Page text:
3 Cano Health Board Members Resign & Vow to Oust CEO Amid ‘Decimated’ Stock Price

Three of Cano Health’s board members recently resigned in protest of the company’s management strategy and announced they will form a group to enact comprehensive changes at Cano, including replacing the CEO. They said Cano’s governance structure has caused the company’s stock price “to be decimated, dropping over 90% from its debut” and has saddled the firm with a “crippling debt burden.”

If you’re one of the millions of viewers patiently waiting for the newest episode of HBO’s Succession to air on Sunday, don’t worry — we have some real-life boardroom drama to tide us over in the meantime.

The aforementioned drama is unfolding at Cano Health, a senior-focused primary care provider that went public in 2021 through a $4.4 billion SPAC merger. Last week, three of the company’s board members resigned in protest of Cano’s governance strategy. They also announced they will form a group to enact comprehensive changes at Cano, including replacing the CEO.

The Miami-based company’s stock has dropped 80% over the past 12 months. Last Friday, it plummeted to below $1 per share following a blistering press release issued by Barry Sternlicht. He is the billionaire CEO of Starwood Capital Group and was an early investor in Cano.

In the press release, Sternlicht announced his resignation from the board and expressed that he has been “extremely troubled” by the company’s “poor operating decisions and performance” over the past two years.

He pointed out that Cano had received about $1.49 billion in gross proceeds when it went public, and those proceeds included about $800 million from private placement investors including himself, as well as blue chip investors like Fidelity, Third Point Capital, Maverick Ventures, BlackRock and Owl Creek Partners.

“Fast forward to today, this management team has expended nearly all this cash and the company has not enjoyed any demonstrable improvement in its core profitability,” Sternlicht wrote.

Cano’s governance structure has caused the company’s stock price “to be decimated, dropping over 90% from its debut,” Sternlicht added. He also lamented that the company is “now saddled with a crippling debt burden.”

Sternlicht wrote that he had directly communicated his concerns to his fellow board members and Cano CEO Marlow Hernandez “on numerous occasions,” only to be ignored. He called for Hernandez to be removed from his position as chairman and CEO, calling his continued tenure “harmful to the interests of stockholders and to Cano employees.”

Two other board members resigned along with Sternlicht — Elliot Cooperstone and Lewis Gold. Cooperstone is the founder and managing partner of private equity firm InTandem Capital Partners, and he previously served as CEO of Prodigy Health Group, a health plan services company that Aetna acquired in 2011. Gold is co-founder and chairman of the board at behavioral health company Advanced Recovery Systems.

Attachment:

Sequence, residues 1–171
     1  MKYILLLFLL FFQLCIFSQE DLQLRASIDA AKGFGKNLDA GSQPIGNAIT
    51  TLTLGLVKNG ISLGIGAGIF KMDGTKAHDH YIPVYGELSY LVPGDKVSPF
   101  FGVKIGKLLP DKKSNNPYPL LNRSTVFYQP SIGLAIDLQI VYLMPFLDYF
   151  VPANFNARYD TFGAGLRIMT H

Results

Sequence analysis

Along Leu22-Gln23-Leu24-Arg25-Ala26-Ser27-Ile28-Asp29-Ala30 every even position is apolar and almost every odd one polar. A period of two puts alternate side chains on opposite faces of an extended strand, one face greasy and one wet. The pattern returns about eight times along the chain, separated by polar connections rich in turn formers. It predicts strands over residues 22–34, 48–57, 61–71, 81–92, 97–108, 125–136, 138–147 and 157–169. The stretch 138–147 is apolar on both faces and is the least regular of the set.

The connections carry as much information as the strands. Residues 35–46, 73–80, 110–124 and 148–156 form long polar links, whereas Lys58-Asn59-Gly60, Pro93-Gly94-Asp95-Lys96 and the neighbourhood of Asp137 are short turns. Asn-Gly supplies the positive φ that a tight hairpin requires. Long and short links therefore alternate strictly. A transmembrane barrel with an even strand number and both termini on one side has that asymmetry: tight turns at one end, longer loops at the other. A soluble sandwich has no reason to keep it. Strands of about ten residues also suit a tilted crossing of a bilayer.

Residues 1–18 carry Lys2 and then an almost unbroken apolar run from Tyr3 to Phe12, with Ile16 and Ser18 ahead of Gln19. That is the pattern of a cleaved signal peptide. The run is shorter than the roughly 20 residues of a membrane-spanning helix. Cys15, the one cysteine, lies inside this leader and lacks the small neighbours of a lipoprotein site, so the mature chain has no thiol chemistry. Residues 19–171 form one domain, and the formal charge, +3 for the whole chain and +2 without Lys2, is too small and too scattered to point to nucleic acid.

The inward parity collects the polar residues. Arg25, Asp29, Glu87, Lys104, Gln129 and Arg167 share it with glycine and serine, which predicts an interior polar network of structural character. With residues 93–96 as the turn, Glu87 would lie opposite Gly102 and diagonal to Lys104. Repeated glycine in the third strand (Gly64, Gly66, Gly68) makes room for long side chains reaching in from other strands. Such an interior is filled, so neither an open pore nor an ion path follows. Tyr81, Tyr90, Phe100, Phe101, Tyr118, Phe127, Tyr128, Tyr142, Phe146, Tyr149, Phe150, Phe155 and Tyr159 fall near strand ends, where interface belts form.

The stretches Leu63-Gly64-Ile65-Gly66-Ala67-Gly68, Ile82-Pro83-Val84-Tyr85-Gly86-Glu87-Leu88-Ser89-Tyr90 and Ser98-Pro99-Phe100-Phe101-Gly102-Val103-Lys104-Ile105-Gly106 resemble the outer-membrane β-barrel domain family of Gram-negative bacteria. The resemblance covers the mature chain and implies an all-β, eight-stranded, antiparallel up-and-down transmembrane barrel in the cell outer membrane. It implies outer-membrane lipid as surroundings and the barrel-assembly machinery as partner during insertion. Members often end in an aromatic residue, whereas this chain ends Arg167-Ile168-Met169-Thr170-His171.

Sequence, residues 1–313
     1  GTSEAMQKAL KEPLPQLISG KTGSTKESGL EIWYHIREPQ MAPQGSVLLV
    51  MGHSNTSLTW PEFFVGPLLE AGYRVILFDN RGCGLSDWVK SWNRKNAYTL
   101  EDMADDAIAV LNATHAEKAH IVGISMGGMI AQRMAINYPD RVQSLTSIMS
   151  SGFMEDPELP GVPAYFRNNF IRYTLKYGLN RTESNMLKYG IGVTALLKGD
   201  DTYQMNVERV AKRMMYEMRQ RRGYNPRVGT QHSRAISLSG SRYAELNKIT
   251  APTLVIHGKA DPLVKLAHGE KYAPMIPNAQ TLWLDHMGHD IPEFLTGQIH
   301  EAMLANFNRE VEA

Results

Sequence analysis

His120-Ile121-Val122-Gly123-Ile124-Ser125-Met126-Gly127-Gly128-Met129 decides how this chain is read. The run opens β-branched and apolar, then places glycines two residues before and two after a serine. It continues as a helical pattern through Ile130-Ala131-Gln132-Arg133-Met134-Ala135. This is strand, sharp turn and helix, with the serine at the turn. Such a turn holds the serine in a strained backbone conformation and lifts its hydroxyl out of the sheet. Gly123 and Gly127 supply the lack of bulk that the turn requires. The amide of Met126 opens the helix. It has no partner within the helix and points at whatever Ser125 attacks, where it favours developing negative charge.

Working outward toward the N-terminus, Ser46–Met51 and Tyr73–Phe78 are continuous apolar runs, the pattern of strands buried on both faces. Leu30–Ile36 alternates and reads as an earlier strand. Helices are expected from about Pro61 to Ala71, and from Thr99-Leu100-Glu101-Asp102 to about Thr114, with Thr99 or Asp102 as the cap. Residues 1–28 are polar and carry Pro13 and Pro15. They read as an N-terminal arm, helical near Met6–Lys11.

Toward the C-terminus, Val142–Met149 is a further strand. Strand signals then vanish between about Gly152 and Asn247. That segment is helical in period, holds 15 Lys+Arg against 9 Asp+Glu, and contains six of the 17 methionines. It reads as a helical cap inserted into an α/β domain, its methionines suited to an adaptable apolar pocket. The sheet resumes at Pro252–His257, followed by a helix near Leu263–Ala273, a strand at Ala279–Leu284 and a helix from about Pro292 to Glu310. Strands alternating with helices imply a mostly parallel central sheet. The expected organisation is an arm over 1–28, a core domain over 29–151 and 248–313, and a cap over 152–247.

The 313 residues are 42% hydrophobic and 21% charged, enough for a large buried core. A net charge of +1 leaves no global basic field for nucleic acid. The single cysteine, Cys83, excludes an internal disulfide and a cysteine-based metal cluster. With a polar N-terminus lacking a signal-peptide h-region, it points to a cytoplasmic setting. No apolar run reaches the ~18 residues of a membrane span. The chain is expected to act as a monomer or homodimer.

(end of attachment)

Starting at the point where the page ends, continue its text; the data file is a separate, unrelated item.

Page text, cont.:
In a 13-D filing with the Securities and Exchange Commission, Sternlicht said that he, Cooperstone and Gold have entered into a group agreement in which they plan to “act together to pursue change” at Cano, “including, but not limited to, the replacement of the CEO, sale of non-core assets and enhancement of shareholder value.” 

Cano released a statement on Friday in response to its board members’ resignations. The company wrote that it is “disappointed that three directors chose to resign due to what we believe is their focus solely on the short term.” Cano also wrote that it “strongly disagree[s] with their representations about the company and their assessment of Dr. Hernandez’s performance.”

“While we fully recognize the recent disappointing share price performance, our work has supported our strong confidence in the company’s mission and fundamentals, our commitment to driving operational and financial improvements and our belief in the company’s continuing prospects for long-term shareholder value creation,” the company wrote.

Cano’s boardroom debacle comes amid a time in which primary care companies are ripe targets for acquisition. Many of Cano’s rival companies were recently acquired for billions of dollars. 

For example, Amazon announced its plans to buy One Medical for nearly $4 billion last summer, WalgreensVillageMD bought Summit Health for nearly $9 billion in January, and CVS disclosed its plans to acquire Oak Street Health for $10.6 billion in February.

Last year, media reports emerged saying that Cano was an acquisition target of CVS, but the retail pharmacy giant ended up walking away from the deal.

In the coming months, it will be interesting to watch whether Cano is able to get its act together to become a more attractive acquisition target. If what its three former board members said is true, the rehabilitation process might take a while.

Photo: wenjin chen, Getty Images